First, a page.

Dragon Ball Z II: The Fury of Lord Freeza
Nintendo Entertainment System
Dragon Ball Z II: Gekishin Freeza!!
|Game Date||10 August 1991|
|Release Date||27 Aug 1999|
|Last Modified||16 July 2013|
Game Review (by Spinner 8):
The only thing I really know about Dragon Ball Z’s story is what little I gleaned from the intro to the first game, plus a couple volumes of the original Dragon Ball that I’ve been reading. That said, I’m still horribly lost in the second game, and although no one needed me to say it, let me just tell everyone that the only people who will gain any kind of understanding or enjoyment from this game’s story will be those people who are already Dragon Ball Z fans and, as such, will already know everything that will happen anyways.
Also, I can’t really understand why someone would play this game without having played the first Dragon Ball Z game, so I’ll skip the “how to play” part and just talk about what’s been changed. There’s thankfully an Auto mode for battling, so you don’t have to waste time on picking your cards for easy fights if you don’t want to. Enemy encounters are no longer random: every time you move, you’re shown eight face-down cards, and asked to choose one. If you pick one of the (many) Freeza cards, you have to fight some enemies. And of course, it’s possible that you can pick a card that gives you some kind of beneficial thing.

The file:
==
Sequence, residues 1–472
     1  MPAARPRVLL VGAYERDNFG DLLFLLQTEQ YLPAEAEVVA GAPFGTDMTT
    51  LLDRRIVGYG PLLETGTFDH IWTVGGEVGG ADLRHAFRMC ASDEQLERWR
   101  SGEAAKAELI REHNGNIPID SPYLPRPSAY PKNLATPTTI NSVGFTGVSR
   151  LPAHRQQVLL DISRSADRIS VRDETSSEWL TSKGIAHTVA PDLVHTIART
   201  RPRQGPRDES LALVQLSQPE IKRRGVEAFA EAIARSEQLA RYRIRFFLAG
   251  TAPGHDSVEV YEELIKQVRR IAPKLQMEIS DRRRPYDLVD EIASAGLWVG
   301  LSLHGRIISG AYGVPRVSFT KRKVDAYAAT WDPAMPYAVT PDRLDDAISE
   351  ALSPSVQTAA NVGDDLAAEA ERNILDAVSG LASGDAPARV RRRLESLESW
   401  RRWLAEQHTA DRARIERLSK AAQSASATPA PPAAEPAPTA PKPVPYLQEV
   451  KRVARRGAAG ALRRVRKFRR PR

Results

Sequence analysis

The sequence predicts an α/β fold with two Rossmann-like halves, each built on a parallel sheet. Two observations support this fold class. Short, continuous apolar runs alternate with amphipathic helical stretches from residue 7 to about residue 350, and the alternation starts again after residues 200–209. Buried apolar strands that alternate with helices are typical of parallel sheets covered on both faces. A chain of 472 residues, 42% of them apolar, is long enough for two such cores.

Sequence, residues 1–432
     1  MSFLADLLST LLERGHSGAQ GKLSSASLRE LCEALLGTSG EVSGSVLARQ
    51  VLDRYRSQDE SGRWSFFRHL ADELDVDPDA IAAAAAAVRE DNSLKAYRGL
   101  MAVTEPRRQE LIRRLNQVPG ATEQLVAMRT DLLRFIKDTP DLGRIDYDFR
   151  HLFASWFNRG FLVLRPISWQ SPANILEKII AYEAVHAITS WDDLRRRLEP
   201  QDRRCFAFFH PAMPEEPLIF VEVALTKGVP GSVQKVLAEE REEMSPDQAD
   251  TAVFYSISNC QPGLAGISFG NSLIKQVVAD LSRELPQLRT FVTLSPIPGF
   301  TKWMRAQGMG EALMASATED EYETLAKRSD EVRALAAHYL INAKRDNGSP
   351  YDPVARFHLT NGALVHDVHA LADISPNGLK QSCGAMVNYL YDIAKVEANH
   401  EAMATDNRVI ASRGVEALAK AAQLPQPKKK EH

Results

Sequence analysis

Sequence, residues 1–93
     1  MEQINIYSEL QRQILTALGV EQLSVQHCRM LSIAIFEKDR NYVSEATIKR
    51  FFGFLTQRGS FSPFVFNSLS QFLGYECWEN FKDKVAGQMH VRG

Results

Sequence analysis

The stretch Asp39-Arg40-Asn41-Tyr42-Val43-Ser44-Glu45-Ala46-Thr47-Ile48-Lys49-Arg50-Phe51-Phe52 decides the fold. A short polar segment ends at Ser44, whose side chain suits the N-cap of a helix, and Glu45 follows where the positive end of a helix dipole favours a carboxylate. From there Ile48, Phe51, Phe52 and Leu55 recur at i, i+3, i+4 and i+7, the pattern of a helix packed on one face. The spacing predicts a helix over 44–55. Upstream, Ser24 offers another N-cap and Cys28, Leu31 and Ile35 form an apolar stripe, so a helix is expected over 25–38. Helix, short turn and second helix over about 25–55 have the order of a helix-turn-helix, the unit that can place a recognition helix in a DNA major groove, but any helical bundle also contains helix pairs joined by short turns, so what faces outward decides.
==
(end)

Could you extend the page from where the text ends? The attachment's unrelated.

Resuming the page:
This change to the encounters, of course, means that you could theoretically (and likely) be fighting enemies every single time you move. To offset this, you’re given a Bulma card, which can be used once per turn to heal one of your fighters for a piddling amount of HP and BP. I’m grateful it’s there, but it’s really not enough, especially at the beginning of the game where you have no other way to heal yourself. This change to the enemy encounters also means that with some simple savestate abuse, you could probably avoid fights altogether if you want. But, I suppose that that kind of applies for a lot of emulated games.
Well, Omniverse’s patch is surprisingly decent, considering most of the other DBZ patches floating around out there. Most of the menus and descriptions and stuff are finished, so you can make an attempt at figuring this game out. All of the story text has been untouched, except for the intro. There’s some rough spots of course, but who cares? Omniverse has since quit the scene, and this will never be finished.
ROM / ISO Information:
No information available.